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Colombian “Madonna” Gives Home To LGBT Venezuelan Migrants

Colombian “Madonna” Gives Home To LGBT Venezuelan Migrants

Madonna Badillo, a 49-year-old transgender woman, helps LGBT Venezuelan refugees flee to Colombia. Badillo lives in Maicao, Colombia, near the border of Colombia, and shares her home with seven Venezuelan sex workers. She doesn’t ask for rent, just that they help out with groceries, according to Aljazeera.

“Because of what’s happening in Venezuela, and as our neighbour country and members of the LGBT community, I find myself wanting to help them and give them refuge,” Badillo said, according to Aljazeera.

1 million Venezuelans have fled to Colombia since 2017, leaving behind political persecution, extreme food and medicine shortages. But not every refugee gets supported in Colombia. One of the most vulnerable groups like LGBT has very few allies in Colombia.

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Two years ago, when the migration started from Venezuela to Colombia, she noticed two transwomen, Champagne and Nicole, on the street of Maicao, hungry and homeless. She took her in and that when she started her service.

“No one wanted to rent them a room because there is a lot of discrimination towards our population,” says Badillo at her home. “They were so skinny. Because of the situation [in Venezuela], they go hungry.”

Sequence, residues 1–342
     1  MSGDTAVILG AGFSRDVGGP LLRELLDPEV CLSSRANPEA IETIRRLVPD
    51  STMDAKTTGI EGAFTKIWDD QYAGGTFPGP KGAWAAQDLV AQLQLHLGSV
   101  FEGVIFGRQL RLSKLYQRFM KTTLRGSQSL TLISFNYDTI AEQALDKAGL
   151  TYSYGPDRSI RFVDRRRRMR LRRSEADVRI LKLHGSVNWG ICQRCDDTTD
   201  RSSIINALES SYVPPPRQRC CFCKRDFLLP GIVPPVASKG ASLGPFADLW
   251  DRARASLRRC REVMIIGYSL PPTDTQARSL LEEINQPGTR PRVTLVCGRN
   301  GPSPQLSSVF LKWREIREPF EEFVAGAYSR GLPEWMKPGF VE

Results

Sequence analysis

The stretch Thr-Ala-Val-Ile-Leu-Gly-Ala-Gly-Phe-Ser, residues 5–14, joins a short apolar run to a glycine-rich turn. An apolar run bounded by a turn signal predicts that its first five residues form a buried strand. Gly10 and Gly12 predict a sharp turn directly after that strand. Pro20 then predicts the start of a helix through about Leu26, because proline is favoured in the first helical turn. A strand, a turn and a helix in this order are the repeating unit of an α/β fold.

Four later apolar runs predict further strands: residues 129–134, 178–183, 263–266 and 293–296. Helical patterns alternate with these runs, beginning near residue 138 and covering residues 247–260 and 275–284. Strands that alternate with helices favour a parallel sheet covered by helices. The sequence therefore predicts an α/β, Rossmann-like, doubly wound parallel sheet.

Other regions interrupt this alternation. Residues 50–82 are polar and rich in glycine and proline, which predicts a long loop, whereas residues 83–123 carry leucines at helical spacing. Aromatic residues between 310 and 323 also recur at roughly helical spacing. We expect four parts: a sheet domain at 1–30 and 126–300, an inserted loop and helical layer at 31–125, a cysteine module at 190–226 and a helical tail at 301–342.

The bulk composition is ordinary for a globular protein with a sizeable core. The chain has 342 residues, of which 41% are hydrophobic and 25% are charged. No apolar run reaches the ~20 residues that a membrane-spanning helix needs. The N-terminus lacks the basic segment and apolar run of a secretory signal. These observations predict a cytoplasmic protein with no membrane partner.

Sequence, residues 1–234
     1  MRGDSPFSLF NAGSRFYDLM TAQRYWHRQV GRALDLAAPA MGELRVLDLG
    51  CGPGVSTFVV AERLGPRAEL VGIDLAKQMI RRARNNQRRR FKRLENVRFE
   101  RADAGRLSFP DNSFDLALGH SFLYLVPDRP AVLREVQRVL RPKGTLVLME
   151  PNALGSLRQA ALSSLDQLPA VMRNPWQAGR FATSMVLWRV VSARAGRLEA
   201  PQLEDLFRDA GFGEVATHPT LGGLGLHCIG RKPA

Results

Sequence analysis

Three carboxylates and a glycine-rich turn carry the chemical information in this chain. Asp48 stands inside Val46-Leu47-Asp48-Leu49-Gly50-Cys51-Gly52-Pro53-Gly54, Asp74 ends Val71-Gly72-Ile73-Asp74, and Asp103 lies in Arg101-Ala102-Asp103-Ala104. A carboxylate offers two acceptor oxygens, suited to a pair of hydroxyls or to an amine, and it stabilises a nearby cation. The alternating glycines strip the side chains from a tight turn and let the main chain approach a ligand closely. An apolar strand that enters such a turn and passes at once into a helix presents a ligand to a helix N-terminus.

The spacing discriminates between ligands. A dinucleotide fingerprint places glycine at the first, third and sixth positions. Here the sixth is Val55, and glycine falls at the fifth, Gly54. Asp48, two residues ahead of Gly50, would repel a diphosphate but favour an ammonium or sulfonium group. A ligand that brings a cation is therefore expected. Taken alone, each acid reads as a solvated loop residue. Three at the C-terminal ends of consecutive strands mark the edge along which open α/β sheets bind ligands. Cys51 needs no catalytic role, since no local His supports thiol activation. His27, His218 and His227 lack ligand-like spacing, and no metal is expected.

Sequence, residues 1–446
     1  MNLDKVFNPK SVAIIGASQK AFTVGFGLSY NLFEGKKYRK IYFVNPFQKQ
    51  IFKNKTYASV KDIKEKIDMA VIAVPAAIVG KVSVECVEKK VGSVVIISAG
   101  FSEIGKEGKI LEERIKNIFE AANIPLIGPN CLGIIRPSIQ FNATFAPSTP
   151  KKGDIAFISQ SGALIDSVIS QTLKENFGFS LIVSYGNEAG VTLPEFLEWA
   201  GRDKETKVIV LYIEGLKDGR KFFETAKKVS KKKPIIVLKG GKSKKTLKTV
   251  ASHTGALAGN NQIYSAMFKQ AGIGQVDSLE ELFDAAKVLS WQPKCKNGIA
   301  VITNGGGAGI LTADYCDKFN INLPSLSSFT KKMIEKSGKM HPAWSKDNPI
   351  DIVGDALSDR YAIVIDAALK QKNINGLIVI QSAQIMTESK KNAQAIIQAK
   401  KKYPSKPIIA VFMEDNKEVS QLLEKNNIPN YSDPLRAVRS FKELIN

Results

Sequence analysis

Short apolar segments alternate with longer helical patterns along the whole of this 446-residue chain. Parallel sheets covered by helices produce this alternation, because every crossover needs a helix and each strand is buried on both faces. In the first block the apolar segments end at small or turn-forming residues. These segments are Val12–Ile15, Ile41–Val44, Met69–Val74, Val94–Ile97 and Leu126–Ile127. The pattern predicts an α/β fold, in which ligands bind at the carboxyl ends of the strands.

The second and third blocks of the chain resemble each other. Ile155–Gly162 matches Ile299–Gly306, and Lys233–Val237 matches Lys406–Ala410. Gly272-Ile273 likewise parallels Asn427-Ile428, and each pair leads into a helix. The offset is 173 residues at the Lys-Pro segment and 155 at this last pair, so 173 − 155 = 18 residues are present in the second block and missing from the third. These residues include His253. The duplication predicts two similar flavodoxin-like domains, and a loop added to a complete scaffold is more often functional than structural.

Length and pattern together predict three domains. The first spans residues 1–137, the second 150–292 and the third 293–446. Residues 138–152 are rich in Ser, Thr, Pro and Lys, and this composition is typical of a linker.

The two-bedroom home has only basic furnishing, a few electric fans, and a muddy backyard reeking of sewage. In the living room stands a life-size figurine of Jesus.

“My house isn’t a palace, but they are able to live freely and I don’t charge them for rent or anything, so they help out buying food and things,” she says.

“Because of what’s happening in Venezuela, and as our neighbour country and members of the LGBT community, I find myself wanting to help them and give them refuge.” She has given home to 25 migrants in the last 2 years.

The story behind the name “Madonna”

Born to a Venezuelan Wayuu mother and a Colombian Guna father, Badillo says her cross-border indigenous heritage motivates her to continue helping.

thescrolllab/Colombian “Madonna” Gives Home To LGBT Venezuelan Migrants
Image courtesy – aljazeera.com

Before transitioning, her name was Moniker Badillo but she adopted “Madonna” name 3 years ago when she started transitioning because she considers the pop star “Madonna Ciccone” as her alter ego.

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“She has been my alter ego since I was very young, during the 80s. I identify with her. She’s a chameleon,” Badillo says.

“When I present myself to people, I believe they are thinking: ‘Who’s that girl?” she says with a laugh, alluding to her favourite Madonna song.

Source – aljazeera.com

 

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